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Irish Independent
Irish Independent
Jon Ihle

Makhlouf calls for overhaul of funds rules to prevent panics

Central Bank governor Gabriel Makhlouf. Photo: Vivek Prakash

The governor of the Central Bank of Ireland (CBI) has called tighter regulation of “hidden leverage” in the funds sector to prevent major financial shocks caused by too much borrowing.

Gabriel Makhlouf said at a conference Wednesday morning that “the sector is too big to ignore” and that unlimited leverage for funds represented a financial stability risk that must be dealt with.

“Traditionally, the regulation of investment funds has been largely about developing and enforcing investor protection rules,” he said in an address to the CBI’s financial system conference in Dublin.

“But we have to learn from history. The lessons of the global financial crisis, the Covid-induced market shock of March 2020, and the UK’s recent LDI issue are clear.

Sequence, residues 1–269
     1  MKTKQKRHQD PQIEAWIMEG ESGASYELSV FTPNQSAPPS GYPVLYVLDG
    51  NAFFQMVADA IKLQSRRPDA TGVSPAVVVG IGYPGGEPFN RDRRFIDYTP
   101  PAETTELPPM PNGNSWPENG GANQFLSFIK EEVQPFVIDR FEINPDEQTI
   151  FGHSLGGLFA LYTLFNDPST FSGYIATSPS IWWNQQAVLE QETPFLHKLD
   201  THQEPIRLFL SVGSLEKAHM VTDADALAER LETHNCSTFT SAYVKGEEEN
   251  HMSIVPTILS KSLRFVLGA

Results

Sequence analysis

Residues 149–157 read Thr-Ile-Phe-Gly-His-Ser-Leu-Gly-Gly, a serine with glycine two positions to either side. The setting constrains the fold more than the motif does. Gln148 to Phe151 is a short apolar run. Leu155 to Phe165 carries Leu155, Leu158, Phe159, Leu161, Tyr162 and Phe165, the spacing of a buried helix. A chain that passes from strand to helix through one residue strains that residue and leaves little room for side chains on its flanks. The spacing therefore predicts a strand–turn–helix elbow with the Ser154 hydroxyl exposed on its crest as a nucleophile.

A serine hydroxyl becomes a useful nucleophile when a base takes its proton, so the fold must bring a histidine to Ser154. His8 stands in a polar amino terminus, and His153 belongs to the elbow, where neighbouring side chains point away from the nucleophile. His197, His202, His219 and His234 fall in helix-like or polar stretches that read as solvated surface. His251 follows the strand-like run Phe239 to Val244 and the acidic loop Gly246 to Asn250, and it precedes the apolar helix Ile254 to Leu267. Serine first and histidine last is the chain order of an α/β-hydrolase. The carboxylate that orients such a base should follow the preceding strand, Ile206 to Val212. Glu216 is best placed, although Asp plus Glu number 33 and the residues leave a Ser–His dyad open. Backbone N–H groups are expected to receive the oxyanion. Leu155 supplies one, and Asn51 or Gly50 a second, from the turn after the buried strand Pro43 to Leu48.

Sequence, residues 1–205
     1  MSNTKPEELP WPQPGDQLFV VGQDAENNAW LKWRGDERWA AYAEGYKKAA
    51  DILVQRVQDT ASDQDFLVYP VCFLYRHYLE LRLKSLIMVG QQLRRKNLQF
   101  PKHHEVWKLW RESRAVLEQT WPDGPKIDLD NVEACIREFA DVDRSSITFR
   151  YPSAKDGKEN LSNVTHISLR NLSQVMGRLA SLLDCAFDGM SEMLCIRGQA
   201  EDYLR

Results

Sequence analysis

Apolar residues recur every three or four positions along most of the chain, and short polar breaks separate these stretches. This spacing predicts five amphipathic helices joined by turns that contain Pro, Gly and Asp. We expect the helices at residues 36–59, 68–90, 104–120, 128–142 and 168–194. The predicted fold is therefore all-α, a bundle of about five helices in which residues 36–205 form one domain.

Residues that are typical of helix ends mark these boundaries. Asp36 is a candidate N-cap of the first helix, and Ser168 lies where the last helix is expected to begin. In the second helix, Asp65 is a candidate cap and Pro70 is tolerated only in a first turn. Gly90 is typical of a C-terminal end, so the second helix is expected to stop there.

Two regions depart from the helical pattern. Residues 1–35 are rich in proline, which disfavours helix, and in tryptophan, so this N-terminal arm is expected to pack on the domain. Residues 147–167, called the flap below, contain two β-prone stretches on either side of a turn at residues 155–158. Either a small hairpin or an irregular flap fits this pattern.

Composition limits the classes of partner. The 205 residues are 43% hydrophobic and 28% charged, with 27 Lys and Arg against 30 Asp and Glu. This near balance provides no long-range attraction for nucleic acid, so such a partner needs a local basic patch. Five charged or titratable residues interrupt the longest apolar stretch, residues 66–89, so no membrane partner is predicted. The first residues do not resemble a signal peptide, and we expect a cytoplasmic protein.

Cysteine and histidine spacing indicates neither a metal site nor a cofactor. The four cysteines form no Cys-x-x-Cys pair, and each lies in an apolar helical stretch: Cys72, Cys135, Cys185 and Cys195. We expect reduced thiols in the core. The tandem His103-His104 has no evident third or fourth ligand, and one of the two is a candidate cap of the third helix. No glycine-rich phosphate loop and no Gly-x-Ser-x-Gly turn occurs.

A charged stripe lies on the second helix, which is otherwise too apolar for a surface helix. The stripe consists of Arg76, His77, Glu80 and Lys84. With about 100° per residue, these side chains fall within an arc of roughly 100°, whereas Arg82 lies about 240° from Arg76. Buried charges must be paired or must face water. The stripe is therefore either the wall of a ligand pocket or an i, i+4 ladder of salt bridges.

“There is clearly hidden leverage, interconnectedness and channels of propagation that we do not yet fully understand, and vulnerabilities building-up in the non-bank sector.”

Ireland has the third-largest funds sector in the world with 10,000 entities holding assets of €5.6trn and is therefore a critical forum for new regulation of funds in Europe.

The Irish financial system here is heavily weighted towards the non-bank sector, which is made up of investment funds, money market funds and special purpose vehicles used for global investing.

Mr Makhlouf said regulators needed to look at the sector as a whole rather than individual funds and entities to protect the financial system generally and to shield consumers from systemic problems.

“Consumer and investor protection is founded on the existence of a stable financial system and regulators need to be aware of the big picture, avoiding the temptation to focus on narrower and perhaps more straightforward ways of providing that protection,” he said.

“Tackling systemic risk requires a macroprudential perspective that targets the collective action of fund cohorts, not idiosyncratic risk management issues at individual funds.”

The Central Bank is planning to introduce borrowing limits on property funds involved in the domesti economy.

Regulators are understood to be considering a rule preventing such funds from borrowing more than 50pc of their total asset value.

The CBI conducted a consultation on the proposed changes a year ago and a decision on the final policy is expected soon.

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